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THE KINGDOM OF GOD

ti me. We are in the midst of the greater week of the New Creation by One to Whom a thousand years are always as one day.

of the Spirit, and his evasion of the idea of the holy as r h~ perfect harmony in God of the moral and the spiritual. The disciples of Ritschl have in this, as in some other respects, gone forward by going back upon their master. It is recognised that in the teaching of Christ the Kingdom is spoken of as present no less than future. It is constituted by a final Presence and not only a final purpose. That is to say, on the one hand it is the summum bonum now. It is the soul's joy. It is the Christian's possession at every moment. Time is abolished in the Spirit. The believer already belongs in Christ to the future, and the future is already his. He has the redemption. But on the other hand it is also the Christian's moral ideal. It needs time to come home. Only by moral development is its perfection projected. Only by moral effort, discipline, and experience does the believer become the Christian he is. He must acquire his legacy. This, of course, is a paradox. But then paradox, where mystery is not only dark but aggressive, not only dim but absurd, is the very nature of Christianity as spiritual. Christ's is not the religion of common sense and mother-wit. The great practical problem of Christianity is to incarnate the paradox, and reconcile these two ideas of the Kingdom in a working fashion for experience. Every form of Christianity is to be judged by its spiritual success in so doing. If Ritschl did not succeed it was because he was too shy of the idea of atonement; and he was that because he did not give its due place in God to the idea of the holy, and especially the Holy Spirit. The holy is the Christian and ethical form of the mystic. The supreme and omnipotent thing is not mystic love but holy love. We have the two factors perfectly blended only in the revelation of holy love, of the holy (ethical) as the redeeming (religious) principle. But that is done only in the Cross as love's real atonement to the holy, as the Kingdom effected in a soul universal and eternal. And we return thus to the one centre which unites us, instead of two which distract and divide. If the supreme act of the moral world (and therefore of its Sovereign God and Father) was in the Cross of our redemption, then it was in that Cross that the Kingdom was set up. But that Cross was not simply the martyr height of Christ's moral fidelity,

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It is only of late years that the Kingdom of God has taken a ruling place in theology. That is a striking and significant thing when we remember the place it took in the mind and action of Jesus Christ. The credit of restoring it to a corresponding place in the thinking of Christ's Church belongs largely to Ritschl. In the name of the Kingdom he made the supreme interest of theology ethical and social, and gave a place to the Church which it had not had since the break with Rome. Attention, he said, had been over-engrossed with the idea of personal redemption; whereas the system of belief should not be regarded as a circle, with that one centre, but as an ellipse, with the two foci of the Cross and the Kingdom. With such a position, of course, the temptation was strong to treat the Cross as the religious centre, and the Kingdom as the ethical, and so to divide the Gospel. But Ritschl did not fall into the danger in that blunt form, though he did not escape it altogether. For him the Kingdom was a religious idea, because, however ethical, it was wholly of grace, it was the gift of God rather than the attainment of man, and because it was entirely dependent on the forgiveness of sin.' It was founded by Jesus, in bringing the supreme gift of absolute grace and not merely of spiritual help—all that went before being but its dawn. But though that was so with Ritschl's theory, though it was at least as religious as ethical, in effect he did cast all the light on the ethical side, and the more religious and supernatural side fell into the shade. The ethic of the redemption did not rise to a real atonement. It was not mystic enough. The effect on man eclipsed the effect on God. The Kingdom became for him moral and social action inspired by love. This is all of a piece with his aversion to Pietism, his neglect of the doctrine 'This great point marks off his view from that of many who lay stress on the ethical nature of the idea. The centrality of forgiveness stamps redemption with a moral nature at its mystic source.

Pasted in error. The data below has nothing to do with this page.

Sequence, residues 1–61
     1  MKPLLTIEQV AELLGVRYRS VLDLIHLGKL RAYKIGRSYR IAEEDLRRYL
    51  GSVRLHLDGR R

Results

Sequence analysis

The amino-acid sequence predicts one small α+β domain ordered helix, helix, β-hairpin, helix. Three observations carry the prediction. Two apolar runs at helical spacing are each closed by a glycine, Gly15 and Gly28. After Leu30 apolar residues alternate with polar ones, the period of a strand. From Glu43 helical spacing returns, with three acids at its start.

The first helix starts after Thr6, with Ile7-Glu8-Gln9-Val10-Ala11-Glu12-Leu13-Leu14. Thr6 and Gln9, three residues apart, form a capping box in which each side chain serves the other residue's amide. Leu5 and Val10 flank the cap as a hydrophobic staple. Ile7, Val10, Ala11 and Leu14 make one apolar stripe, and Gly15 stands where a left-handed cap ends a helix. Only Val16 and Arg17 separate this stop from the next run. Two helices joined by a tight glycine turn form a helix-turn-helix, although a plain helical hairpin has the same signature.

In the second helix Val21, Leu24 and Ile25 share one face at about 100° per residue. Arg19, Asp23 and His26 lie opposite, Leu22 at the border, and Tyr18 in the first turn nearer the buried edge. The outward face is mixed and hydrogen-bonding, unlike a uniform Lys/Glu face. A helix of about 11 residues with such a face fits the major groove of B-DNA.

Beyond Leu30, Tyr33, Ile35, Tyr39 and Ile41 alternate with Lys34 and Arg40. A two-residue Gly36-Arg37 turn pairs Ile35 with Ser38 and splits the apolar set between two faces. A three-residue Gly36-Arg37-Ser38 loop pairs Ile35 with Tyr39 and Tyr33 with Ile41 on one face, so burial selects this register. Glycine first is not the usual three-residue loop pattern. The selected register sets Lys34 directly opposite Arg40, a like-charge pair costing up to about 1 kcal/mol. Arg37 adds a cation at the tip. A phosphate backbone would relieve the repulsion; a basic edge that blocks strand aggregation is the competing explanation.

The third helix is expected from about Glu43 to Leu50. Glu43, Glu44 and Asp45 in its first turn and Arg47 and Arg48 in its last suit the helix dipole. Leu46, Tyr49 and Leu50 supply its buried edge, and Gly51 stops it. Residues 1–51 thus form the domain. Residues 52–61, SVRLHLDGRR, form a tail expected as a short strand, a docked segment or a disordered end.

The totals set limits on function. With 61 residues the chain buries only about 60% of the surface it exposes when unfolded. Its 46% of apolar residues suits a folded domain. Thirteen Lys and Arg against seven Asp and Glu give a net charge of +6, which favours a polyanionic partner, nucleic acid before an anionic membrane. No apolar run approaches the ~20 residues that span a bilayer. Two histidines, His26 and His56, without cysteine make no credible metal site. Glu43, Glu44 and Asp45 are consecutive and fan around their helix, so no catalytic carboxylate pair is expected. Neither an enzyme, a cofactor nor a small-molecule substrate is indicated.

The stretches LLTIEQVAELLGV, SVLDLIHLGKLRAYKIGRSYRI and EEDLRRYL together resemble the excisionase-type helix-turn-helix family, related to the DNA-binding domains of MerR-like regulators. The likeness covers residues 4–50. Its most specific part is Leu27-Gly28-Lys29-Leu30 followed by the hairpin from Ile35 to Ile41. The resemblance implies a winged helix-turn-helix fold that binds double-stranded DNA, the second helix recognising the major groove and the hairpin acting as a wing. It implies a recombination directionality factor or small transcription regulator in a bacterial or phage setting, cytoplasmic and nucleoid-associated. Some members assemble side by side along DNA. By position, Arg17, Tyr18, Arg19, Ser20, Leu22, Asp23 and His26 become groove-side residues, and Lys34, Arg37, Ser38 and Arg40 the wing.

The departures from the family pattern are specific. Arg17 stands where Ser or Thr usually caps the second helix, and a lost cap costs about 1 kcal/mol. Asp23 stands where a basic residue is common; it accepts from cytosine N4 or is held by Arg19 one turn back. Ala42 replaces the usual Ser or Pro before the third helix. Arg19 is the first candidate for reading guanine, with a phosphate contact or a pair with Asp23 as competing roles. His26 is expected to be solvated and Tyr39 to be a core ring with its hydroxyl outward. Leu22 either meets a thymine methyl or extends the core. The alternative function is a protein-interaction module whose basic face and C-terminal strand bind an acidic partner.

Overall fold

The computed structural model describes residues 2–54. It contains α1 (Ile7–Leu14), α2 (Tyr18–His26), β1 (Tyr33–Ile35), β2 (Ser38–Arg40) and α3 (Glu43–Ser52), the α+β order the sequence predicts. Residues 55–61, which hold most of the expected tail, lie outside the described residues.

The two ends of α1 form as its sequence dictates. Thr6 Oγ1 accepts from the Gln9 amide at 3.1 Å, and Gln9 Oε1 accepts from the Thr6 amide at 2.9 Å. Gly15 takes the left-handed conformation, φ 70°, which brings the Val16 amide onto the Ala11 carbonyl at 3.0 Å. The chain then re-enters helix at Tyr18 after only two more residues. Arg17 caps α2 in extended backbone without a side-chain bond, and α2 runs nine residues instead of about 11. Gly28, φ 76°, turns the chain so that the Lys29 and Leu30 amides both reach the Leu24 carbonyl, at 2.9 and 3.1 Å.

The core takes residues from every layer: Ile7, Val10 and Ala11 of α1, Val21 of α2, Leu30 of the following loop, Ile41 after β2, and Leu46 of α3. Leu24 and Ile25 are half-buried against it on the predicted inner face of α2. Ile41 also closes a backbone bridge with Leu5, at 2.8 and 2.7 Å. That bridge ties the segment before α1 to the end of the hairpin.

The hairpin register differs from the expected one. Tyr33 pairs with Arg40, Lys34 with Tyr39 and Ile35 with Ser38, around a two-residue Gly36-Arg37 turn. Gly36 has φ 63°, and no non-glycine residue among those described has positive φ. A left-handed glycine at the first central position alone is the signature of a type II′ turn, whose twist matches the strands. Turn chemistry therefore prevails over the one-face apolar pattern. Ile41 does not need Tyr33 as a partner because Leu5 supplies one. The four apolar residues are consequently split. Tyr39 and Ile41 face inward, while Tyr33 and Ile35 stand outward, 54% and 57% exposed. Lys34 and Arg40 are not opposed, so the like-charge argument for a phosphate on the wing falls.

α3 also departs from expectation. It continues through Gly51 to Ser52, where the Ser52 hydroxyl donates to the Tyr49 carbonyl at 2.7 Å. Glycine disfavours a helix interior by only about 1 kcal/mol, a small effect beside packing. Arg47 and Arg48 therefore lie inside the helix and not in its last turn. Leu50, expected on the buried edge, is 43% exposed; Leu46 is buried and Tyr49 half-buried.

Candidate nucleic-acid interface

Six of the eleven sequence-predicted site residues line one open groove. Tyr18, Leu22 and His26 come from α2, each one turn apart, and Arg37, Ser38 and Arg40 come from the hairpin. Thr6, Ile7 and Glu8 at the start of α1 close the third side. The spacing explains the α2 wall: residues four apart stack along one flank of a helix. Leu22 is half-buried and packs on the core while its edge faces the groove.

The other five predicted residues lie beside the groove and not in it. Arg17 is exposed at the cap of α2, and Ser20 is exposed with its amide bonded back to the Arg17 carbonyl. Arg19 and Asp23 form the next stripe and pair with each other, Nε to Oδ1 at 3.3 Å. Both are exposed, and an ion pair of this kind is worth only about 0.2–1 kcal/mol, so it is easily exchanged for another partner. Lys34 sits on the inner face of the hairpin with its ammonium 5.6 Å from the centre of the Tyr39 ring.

TIIE CIURCH 1\ND TIIE SACRAMENTS it was the crucial act of a present holy God Who in love deals morally and once for all with His own righteousness there. In that act we have the identity of the moral and spiritual; and we have it as a gift, for we could never' effect it. It is singular that an ethical mind like Ritschl s did not make more of holy love than he did. Ritschl ' s successors have corrected him in the moral stress they put upon the super-ethical side of the Reformation. If the issue is in the conscience, it is in the mystic conscience of the holy and not only of the just. Kaftan allows to Nietzsche that there is a region beyond good and bad (though it is not cut off from them), beyond good and bad in the matter of conduct or event—the region of personality, whence are the issues of good and evil. There is in the moral soul a holy of holies which we only reach through the holy place of ethic, but which is beyond it. The holy is the nature and destiny of the conscience, and at once its source and its superlative. There is in the soul, and in the revelation to it, that which the ethical alone does not meet, because ethic is too much modelled on the kind of relation that exists between man and man. It is the region of the love of God and of the peace and joy of it in our moral experience, the region of love as holy, the region of the Christ Whom having we possess all things. It is not true to say that the only way of serving God is to serve man. That cuts out worship. And without worship, passing into a communion with God, which is ethical unto holiness, even work for the Kingdom may cost a man his soul. The soul needs a worshipping Church to keep it alive and aloft. It is more true to say that the radical way of serving sinful man is serving a holy God, that the love and worship of God is the true self-love of mankind, and that the only effective way to the fellowship of man on any scale is the communion of Christ. We can only love man in a Christian way by loving Christ's God more. Work for man is dependent on the soul's supreme energy of worshipping God when we are not thinking about man, and when we forget our own soul and its prospects in our Saviour. Our Christian love of our fellow goes round by way of our Lord. The moral intercourse with God, centred in a real and holy atonement, is therefore the school